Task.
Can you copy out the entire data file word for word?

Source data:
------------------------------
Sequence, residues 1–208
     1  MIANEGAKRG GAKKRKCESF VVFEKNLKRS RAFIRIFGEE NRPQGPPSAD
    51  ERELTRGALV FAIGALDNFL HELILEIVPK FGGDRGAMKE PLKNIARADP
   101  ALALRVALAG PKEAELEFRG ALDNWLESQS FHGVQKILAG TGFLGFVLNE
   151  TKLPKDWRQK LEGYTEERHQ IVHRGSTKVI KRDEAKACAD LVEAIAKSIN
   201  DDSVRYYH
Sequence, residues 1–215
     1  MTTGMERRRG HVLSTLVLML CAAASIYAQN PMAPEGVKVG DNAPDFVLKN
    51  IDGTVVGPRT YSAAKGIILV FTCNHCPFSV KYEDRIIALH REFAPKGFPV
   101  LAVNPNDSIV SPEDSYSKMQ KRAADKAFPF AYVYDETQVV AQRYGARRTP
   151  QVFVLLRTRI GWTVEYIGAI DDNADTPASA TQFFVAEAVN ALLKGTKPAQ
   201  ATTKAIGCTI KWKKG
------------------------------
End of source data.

Sequence, residues 1–208
     1  MIANEGAKRG GAKKRKCESF VVFEKNLKRS RAFIRIFGEE NRPQGPPSAD
    51  ERELTRGALV FAIGALDNFL HELILEIVPK FGGDRGAMKE PLKNIARADP
   101  ALALRVALAG PKEAELEFRG ALDNWLESQS FHGVQKILAG TGFLGFVLNE
   151  TKLPKDWRQK LEGYTEERHQ IVHRGSTKVI KRDEAKACAD LVEAIAKSIN
   201  DDSVRYYH
Sequence, residues 1–215
     1  MTTGMERRRG HVLSTLVLML CAAASIYAQN PMAPEGVKVG DNAPDFVLKN
    51  IDGTVVGPRT YSAAKGIILV FTCNHCPFSV KYEDRIIALH REFAPKGFPV
   101  LAVNPNDSIV SPEDSYSKMQ KRAADKAFPF AYVYDETQVV AQRYGARRTP
   151  QVFVLLRTRI GWTVEYIGAI DDNADTPASA TQFFVAEAVN ALLKGTKPAQ
   201  ATTKAIGCTI KWKKG